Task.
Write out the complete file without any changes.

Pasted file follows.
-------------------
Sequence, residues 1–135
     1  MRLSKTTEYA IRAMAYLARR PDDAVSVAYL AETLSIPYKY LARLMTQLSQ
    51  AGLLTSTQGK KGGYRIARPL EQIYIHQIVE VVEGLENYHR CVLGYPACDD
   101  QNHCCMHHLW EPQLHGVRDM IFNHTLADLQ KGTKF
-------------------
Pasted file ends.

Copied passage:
Sequence, residues 1–135
     1  MRLSKTTEYA IRAMAYLARR PDDAVSVAYL AETLSIPYKY LARLMTQLSQ
    51  AGLLTSTQGK KGGYRIARPL EQIYIHQIVE VVEGLENYHR CVLGYPACDD
   101  QNHCCMHHLW EPQLHGVRDM IFNHTLADLQ KGTKF